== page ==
• Modernizing the OEB’s rules, codes and other regulatory instruments to reflect the needs of an evolving sector

• Addressing any unwarranted regulatory barriers to innovation and new business models that benefit consumers

• Continuing the redesign of electricity distribution rates to give all customers a better signal regarding the cost of delivery service.”

          Responding to trends in the energy sector, the blueprint says, “[T]he accelerated deployment of distributed energy technologies, electric vehicles (EV) and electric-powered mass transit, together with increased investments in energy efficiency, will impact all aspects of utility operations and planning and will create new risks to be assessed and managed.

• In addition, the advent of extreme weather events associated with climate change has increased focus on the resiliency of energy systems

• Although the pace of these developments is uncertain, the potential significance and complexity of their impact is clear – both we and the entities we regulate must be equipped to anticipate and address these trends.”

          The Board also notes that, “Regulators in other jurisdictions are considering new approaches to the remuneration of utilities, including ways of treating traditional capital investments versus non-capital expenditures, that might better encourage the adoption of innovative and least-cost solutions by utilities. Given the changes underway in the sector, we should assess whether similar regulatory reforms are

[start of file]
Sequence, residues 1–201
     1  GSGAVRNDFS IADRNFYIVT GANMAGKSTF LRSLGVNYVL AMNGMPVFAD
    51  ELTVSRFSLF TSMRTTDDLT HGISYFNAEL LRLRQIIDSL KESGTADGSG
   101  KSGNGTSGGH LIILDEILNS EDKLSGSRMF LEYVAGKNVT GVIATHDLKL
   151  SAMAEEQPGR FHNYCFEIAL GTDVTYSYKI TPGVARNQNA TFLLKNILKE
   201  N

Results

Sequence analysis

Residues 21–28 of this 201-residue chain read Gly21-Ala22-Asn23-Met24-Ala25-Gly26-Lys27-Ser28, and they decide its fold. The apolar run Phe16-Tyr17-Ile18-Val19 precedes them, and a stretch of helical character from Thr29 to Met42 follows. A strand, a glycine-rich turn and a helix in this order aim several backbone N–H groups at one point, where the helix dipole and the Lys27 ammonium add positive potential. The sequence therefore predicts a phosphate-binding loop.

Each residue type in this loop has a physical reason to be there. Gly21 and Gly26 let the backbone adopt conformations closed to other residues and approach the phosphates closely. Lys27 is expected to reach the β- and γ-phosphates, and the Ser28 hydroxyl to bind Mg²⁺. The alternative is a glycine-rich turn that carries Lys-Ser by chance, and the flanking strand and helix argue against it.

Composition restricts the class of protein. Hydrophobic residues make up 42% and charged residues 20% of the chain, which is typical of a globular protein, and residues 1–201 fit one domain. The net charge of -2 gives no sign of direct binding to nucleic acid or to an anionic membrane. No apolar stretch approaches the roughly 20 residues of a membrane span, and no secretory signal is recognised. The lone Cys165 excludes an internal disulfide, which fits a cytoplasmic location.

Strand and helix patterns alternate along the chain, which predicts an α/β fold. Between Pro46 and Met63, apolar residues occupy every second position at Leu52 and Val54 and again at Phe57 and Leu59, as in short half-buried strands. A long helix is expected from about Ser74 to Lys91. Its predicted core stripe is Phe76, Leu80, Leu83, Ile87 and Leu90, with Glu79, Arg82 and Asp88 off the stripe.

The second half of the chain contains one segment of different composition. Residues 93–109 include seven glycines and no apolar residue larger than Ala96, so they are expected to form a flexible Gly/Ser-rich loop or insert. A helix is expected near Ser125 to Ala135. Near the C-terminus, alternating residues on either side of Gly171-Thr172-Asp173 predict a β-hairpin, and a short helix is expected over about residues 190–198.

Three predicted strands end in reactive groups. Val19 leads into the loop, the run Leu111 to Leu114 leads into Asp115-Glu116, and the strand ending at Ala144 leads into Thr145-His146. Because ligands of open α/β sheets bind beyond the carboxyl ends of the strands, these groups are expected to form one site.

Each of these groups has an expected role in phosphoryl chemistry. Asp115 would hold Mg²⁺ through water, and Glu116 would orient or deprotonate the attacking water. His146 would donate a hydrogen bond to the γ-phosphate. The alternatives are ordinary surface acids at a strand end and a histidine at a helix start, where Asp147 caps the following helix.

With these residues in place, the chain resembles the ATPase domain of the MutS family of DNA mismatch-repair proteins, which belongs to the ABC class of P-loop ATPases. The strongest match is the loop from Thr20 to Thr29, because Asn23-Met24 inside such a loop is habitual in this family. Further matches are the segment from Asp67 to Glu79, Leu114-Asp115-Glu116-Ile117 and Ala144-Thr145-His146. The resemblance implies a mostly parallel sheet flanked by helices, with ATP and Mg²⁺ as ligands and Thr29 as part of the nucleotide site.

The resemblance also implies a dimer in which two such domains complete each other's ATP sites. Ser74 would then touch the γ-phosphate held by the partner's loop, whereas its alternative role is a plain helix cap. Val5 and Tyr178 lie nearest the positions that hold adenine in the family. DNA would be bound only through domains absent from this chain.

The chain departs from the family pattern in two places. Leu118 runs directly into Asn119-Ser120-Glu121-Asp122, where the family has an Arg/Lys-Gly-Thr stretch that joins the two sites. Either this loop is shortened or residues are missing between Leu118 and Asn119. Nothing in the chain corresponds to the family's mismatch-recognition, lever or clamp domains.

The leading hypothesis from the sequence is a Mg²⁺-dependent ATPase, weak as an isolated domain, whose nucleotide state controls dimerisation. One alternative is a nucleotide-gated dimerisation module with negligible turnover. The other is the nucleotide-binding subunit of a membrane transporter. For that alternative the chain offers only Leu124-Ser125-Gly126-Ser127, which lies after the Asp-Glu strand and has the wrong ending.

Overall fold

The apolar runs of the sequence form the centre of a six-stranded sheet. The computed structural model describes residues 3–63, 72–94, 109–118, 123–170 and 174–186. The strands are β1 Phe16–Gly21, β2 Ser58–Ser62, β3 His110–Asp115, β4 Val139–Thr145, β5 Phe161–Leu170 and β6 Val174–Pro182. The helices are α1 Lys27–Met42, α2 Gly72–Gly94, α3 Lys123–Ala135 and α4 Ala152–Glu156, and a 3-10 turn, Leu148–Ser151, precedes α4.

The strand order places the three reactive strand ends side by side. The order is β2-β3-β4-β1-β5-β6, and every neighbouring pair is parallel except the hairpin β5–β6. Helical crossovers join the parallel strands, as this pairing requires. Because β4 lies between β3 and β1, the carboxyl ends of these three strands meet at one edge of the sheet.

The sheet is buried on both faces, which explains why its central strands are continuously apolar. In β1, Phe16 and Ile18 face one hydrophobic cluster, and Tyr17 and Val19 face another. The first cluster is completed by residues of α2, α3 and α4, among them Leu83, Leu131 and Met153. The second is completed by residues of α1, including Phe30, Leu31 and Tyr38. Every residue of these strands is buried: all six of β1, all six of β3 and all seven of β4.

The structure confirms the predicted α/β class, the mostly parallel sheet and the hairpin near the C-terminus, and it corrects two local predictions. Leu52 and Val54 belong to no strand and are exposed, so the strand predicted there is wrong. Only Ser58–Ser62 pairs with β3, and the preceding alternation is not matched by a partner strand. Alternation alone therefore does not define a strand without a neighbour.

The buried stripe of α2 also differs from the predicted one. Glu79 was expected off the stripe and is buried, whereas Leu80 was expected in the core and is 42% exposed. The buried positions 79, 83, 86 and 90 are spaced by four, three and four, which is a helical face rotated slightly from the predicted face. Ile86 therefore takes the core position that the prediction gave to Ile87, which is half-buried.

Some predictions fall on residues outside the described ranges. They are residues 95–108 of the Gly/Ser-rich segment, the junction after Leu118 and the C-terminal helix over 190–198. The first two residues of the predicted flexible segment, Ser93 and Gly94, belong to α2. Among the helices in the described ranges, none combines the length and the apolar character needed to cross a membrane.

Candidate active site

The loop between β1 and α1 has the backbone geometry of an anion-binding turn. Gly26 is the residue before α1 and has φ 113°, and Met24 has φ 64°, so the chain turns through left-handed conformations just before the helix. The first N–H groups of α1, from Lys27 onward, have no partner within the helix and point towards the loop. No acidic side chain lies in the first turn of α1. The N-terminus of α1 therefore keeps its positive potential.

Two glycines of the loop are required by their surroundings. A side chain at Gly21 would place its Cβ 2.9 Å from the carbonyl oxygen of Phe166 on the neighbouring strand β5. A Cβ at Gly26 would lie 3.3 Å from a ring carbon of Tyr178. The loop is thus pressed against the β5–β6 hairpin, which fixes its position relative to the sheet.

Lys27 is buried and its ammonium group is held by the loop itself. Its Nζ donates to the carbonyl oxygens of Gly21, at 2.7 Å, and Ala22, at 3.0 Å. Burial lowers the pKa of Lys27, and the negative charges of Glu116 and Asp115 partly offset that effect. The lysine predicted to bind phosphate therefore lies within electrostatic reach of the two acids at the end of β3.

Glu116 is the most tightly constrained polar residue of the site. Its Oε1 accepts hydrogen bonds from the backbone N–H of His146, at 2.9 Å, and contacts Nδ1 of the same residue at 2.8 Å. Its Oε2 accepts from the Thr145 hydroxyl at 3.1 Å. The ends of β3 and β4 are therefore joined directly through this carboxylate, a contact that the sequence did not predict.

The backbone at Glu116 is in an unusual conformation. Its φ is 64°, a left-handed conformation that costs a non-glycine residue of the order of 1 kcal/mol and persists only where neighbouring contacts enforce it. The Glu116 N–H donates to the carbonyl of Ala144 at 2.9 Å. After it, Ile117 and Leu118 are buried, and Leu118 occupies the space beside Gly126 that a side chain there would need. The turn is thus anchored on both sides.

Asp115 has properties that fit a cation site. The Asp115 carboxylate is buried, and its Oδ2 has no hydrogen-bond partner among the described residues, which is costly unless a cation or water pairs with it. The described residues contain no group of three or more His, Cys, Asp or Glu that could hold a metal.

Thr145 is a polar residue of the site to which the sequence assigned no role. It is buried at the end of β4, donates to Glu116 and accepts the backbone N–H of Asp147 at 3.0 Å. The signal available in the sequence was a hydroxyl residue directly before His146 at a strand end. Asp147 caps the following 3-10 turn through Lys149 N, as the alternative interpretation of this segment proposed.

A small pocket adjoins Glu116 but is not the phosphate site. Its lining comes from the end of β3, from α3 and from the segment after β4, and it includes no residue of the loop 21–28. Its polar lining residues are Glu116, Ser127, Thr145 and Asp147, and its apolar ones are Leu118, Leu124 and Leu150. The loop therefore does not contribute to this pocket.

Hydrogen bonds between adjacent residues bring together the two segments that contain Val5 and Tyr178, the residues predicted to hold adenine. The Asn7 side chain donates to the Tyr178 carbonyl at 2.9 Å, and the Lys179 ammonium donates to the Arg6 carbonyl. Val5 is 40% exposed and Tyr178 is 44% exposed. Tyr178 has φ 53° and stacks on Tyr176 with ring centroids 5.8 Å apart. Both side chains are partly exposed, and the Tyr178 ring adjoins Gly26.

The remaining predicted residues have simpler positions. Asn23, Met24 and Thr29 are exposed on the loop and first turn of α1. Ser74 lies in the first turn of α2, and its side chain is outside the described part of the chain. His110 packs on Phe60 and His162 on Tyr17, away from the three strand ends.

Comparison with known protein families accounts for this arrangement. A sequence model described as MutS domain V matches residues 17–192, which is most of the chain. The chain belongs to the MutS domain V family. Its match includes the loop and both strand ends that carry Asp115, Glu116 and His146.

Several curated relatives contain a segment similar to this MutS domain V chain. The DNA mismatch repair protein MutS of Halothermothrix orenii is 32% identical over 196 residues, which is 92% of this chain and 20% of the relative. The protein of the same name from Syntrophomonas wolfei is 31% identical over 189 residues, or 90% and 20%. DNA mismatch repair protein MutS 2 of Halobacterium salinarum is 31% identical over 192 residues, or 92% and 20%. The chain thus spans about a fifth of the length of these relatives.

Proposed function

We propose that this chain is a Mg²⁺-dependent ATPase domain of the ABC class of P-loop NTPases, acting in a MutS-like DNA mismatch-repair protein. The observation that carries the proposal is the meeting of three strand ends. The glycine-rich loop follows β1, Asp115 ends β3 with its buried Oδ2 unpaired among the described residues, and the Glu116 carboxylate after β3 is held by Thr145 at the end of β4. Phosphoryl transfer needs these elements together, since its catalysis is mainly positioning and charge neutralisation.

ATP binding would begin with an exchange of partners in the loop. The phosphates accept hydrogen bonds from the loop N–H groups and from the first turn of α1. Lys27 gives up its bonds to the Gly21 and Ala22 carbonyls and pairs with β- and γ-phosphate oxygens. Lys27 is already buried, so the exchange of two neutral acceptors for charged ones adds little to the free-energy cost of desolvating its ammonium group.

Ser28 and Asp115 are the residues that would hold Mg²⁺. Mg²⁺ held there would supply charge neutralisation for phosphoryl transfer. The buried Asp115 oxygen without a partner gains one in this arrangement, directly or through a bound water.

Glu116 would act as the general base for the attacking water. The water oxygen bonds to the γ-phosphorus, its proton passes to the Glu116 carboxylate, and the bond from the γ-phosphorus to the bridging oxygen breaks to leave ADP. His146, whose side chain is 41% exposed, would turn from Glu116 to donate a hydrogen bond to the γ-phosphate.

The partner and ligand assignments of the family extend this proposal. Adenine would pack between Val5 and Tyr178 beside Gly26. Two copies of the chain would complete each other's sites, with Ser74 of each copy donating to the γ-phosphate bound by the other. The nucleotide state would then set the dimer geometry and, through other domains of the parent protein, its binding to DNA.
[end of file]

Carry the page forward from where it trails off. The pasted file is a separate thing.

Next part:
warranted in Ontario and how they might further enhance efficiency and innovation in the energy sector.”

          Key questions require weighing the options for facilitating innovation against the need to protect consumers. In this regard, the Board asks:

• How can regulators identify and address regulatory barriers to innovation and new business models that benefit consumers?

• What measures are needed to protect consumers or particular subsets of consumers from some of the impacts of sector transformation (such as cost shifting, the protection of privacy, and concerns about sales practices regarding new products and services)?

• What role should incumbent utilities play in the emerging market for distributed energy resources and related services?

• How should the risk regarding underutilized or stranded assets be allocated between utilities and their customers, and are there any steps that can or should be taken to mitigate that risk?